Writing your Drone Operations Manual Vol 1 & 2 – Important Updates from the CAA

Writing your Drone Operations Manual Vol 1 & 2 – Important Updates from the CAA

Why It’s Crucial to Stay Up to Date with CAA Amendments

Firstly, it’s important to highlight that the Operations Manual is a document for you, not the Civil Aviation Authority (CAA). You and/or your employees are the ones who will be applying it to all your future SUA business operations. Therefore, you need to have a thorough knowledge and understanding of the document, including keeping up to date with any changes or amendments from the CAA. These may come into play before you’ve even submitted your Ops Manual to the CAA for approval and is something we will explore further in this article.

For those of you already familiar with the Operations Manual, you’ll know it’s not a short process by any means. Whether you’re making the final tweaks, are part-way through writing the document or yet to begin, it’s important that you take note of the information available in this article. It’s not uncommon for new requirements to get drafted in by the CAA after you’ve completed your Ops Manual but are yet to submit it for approval – and that’s where you can get caught out.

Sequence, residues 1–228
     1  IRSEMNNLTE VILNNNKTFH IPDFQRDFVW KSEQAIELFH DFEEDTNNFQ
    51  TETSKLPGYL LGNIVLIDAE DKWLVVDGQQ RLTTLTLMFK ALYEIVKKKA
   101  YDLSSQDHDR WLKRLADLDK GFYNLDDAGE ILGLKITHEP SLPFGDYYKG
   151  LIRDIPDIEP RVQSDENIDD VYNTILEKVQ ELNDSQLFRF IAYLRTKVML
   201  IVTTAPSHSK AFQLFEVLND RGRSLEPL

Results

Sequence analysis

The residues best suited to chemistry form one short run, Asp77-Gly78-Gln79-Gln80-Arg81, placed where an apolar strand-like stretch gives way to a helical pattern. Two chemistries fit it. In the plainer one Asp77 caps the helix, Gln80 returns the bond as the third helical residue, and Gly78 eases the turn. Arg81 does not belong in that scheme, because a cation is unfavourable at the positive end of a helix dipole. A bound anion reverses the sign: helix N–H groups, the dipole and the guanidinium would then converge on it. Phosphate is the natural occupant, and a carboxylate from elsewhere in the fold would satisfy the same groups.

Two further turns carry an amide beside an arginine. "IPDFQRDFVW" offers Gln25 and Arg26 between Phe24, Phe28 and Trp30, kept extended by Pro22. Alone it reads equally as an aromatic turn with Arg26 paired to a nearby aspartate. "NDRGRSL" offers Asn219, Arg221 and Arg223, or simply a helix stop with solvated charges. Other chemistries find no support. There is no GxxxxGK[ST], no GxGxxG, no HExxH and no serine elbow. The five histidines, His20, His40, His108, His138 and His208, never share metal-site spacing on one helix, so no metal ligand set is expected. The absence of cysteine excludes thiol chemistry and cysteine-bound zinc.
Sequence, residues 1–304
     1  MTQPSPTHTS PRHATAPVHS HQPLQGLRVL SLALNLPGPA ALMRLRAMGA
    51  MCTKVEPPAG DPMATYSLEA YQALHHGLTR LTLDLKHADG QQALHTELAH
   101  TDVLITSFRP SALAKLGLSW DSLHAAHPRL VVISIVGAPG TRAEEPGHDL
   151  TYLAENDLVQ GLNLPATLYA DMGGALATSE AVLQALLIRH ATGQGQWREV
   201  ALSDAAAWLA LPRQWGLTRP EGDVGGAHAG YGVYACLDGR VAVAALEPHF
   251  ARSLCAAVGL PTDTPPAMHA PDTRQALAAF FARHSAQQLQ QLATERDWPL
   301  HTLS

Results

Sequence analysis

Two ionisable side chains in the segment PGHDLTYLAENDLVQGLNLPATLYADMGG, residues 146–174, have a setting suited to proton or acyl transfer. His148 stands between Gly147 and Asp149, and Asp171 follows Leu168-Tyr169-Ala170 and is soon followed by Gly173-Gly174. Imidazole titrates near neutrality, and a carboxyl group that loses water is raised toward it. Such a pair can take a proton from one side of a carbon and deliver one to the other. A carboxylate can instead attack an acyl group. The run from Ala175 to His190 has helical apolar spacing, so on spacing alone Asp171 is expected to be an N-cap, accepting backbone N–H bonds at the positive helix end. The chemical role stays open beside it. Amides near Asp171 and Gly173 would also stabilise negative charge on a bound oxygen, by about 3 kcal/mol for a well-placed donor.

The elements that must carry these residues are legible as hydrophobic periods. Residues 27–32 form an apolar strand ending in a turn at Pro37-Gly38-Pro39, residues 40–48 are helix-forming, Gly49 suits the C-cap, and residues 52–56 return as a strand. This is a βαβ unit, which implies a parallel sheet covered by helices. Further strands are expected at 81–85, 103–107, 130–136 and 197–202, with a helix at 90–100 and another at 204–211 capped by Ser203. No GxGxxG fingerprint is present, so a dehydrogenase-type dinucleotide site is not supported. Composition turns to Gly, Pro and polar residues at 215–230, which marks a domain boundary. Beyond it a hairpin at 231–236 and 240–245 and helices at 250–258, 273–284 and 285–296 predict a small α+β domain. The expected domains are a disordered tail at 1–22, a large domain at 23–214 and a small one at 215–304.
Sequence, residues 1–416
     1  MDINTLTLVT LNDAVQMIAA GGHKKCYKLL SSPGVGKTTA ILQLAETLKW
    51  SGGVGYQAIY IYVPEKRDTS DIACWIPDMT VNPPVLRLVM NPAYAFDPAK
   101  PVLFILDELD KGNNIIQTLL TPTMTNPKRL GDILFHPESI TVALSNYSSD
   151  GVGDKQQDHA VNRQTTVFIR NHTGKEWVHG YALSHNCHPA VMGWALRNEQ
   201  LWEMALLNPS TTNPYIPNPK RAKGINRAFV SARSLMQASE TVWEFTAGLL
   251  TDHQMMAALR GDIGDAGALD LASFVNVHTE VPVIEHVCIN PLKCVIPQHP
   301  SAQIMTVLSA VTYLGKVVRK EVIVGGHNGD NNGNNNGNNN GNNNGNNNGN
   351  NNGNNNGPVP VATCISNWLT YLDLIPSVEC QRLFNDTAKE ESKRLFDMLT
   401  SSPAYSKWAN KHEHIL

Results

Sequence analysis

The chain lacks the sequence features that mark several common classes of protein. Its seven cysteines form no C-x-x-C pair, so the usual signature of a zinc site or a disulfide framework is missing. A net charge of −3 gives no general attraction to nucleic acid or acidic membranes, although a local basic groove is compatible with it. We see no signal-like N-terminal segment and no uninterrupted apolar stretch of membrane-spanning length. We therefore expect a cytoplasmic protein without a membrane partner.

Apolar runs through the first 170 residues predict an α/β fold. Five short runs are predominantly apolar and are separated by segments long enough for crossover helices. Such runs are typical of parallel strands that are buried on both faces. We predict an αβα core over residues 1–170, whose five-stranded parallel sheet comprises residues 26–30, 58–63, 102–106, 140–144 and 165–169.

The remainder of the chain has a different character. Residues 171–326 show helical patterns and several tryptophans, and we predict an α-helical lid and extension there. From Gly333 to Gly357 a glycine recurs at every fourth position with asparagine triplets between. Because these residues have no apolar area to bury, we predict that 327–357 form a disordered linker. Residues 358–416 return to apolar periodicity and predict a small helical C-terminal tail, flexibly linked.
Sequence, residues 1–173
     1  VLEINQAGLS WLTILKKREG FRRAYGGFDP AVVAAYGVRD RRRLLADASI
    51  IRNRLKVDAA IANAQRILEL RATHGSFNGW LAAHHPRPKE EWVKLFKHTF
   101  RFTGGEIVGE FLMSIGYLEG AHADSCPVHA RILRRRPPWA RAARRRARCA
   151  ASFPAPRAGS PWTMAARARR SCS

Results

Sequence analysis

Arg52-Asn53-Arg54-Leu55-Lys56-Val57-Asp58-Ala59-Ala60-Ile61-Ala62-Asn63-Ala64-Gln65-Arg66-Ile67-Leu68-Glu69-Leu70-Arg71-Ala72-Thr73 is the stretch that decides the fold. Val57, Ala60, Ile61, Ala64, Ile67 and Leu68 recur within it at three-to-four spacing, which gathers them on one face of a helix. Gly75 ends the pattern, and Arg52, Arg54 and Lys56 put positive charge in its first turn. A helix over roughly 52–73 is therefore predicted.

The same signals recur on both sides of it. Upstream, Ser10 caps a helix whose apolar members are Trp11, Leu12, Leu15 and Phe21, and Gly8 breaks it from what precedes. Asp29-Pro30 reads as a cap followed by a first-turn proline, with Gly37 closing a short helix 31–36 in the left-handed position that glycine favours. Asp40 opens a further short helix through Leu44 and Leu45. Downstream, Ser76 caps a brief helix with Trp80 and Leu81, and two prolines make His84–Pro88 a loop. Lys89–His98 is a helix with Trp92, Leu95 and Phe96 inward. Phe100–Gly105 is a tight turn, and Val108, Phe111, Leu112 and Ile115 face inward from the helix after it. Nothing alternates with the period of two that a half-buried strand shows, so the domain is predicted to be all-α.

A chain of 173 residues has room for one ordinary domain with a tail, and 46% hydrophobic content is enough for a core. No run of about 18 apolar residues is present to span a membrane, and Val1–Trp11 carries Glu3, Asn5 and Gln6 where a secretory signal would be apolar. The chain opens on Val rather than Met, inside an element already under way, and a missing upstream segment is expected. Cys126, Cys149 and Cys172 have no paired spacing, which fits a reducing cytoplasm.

But don’t panic, we’re here to help. This article will outline all the most recent updates from the CAA* and provide you with a comprehensive checklist of amendments to action prior to submitting your Operations Manual.

Air Navigation Order 2016

The Air Navigation Order (ANO 2016) was updated to Version 5.3 on 27th March 2018 and you must amend your Operations Manual to reflect this, e.g.